Judging the Royals
Lee Judge breaks down the Royals, game by game.
The Kansas City Royals a half game out of first place
06/17/2014 12:11 AM
06/17/2014 12:35 AM
After giving up seven runs and 12 hits in six innings, Detroit starting pitcher Justin Verlander said there hadn’t been a lot of hard hit balls. Everyone is wondering what’s going wrong for the Tigers’ ace—maybe he needs to have his eyes checked.
The Royals scored four runs in the fourth, three runs in the sixth and four more runs in the seventh inning. They racked up 17 hits including four doubles and a home run. They’ve now won eight in a row and stand just a half game back of the first-place Tigers.
Normally you don’t play a series against the Tigers and think the most winnable game might be when Detroit has Verlander on the mound, but he’s lost five of his last six and came into the game with an ERA of 4.61. Before the night was over, that ERA had risen to 4.98.
The Royals are 37-32, and a half game out of first place.
Enjoy the moment.
The second inning
Billy Butler walked to lead off the inning, but couldn’t go first to third when Alex Gordon hit the ball to right field. Right field to third base is the longest outfield throw and base runners need to take advantage of that whenever they can. Not taking the extra 90 feet cost the Royals a run when Lorenzo Cain hit a deep fly ball to centerfield.
Had Billy been on third, he could have tagged and scored, but he misjudged Cain’s fly ball and wound up on third base anyway—unfortunately, he didn’t tag up first. Butler was doubled off second base to end the inning. That cost the Royals an at-bat with a runner in scoring position and it’s the kind of mistake that might matter in a close game.
The pitch that dumped Perez
Justin Verlander came up and in on Salvador Perez and put him on the seat of his pants, but it was an accident. If a pitcher is going to buzz the tower he does it with a fastball; the pitch that dumped Perez was a curve that got away.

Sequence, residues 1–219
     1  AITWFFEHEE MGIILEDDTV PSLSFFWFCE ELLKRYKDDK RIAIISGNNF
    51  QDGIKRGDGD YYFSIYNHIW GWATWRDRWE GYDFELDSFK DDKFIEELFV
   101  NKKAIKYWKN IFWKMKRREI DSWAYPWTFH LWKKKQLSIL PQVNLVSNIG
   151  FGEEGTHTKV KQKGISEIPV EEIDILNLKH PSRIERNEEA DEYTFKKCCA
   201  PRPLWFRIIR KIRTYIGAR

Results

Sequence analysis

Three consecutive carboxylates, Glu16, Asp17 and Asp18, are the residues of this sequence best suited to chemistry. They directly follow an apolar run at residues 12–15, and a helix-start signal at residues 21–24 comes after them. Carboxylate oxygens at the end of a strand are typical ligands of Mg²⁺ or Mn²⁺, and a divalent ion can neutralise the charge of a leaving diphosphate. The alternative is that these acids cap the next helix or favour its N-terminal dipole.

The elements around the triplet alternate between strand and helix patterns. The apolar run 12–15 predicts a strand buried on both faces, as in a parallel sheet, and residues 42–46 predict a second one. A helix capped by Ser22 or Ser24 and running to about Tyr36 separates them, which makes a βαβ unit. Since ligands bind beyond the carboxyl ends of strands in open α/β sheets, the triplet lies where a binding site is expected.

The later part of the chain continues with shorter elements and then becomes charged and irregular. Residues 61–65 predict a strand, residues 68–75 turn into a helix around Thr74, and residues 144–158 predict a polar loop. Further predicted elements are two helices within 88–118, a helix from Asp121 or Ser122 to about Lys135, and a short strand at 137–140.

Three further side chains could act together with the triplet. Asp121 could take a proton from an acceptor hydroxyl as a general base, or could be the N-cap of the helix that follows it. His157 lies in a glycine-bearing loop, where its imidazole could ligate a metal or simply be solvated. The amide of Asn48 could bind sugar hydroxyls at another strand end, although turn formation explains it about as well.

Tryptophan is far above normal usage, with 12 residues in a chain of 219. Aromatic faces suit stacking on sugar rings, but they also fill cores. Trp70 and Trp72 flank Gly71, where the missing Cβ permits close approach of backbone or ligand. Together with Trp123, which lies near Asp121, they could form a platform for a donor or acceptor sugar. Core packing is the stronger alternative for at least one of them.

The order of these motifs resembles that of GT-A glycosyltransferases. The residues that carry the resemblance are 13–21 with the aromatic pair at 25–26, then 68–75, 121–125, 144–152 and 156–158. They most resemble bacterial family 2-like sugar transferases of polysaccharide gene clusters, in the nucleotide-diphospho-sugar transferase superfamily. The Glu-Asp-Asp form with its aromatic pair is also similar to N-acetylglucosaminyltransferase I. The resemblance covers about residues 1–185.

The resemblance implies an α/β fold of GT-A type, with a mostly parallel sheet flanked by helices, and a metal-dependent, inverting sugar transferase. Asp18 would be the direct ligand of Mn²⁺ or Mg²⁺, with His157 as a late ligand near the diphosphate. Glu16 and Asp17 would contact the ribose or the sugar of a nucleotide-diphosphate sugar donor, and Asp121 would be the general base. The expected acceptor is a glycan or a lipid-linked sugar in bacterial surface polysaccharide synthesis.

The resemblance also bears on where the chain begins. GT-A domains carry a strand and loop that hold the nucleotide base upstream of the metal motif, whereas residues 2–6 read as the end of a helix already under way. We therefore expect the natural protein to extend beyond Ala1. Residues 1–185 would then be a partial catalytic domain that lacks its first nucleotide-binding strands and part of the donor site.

The fourth inning
Baseball playbooks have defensive diagrams and they show you where everyone is supposed to go on every kind of hit in every kind of situation. With a runner on first and a single to right field, once the second baseman determines he can’t make the play, he goes back and covers second base.
In the fourth inning Omar Infante failed to cover to second base and it cost the Royals a run. Victor Martinez was the runner on first and Torii Hunter hit the ball to right. As I mentioned in the bit about Billy Butler’s base running, on balls hit to right field runners want to get to third base whenever possible, and that’s what Martinez was attempting to do.
He made a big turn at second and shortstop Alcides Escobar cut off Nori Aoki’s throw to third. Esky then tried to throw behind Martinez and trap him off the base, but Infante was late arriving and they missed the chance to pick up an easy out.
Martinez later scored.
Once again, a small thing in a blowout, but a huge thing in one-run game. There’s almost always something you should be doing when you’re on defense; if you’re standing still you’re probably in the wrong place.
Fifth inning: a tough call for a third base coach
Fifth inning, one down, bases loaded; Billy Butler hits a deep blast to centerfield. Unfortunately, Detroit’s centerfield wall is 420 feet away so the ball stayed in the park.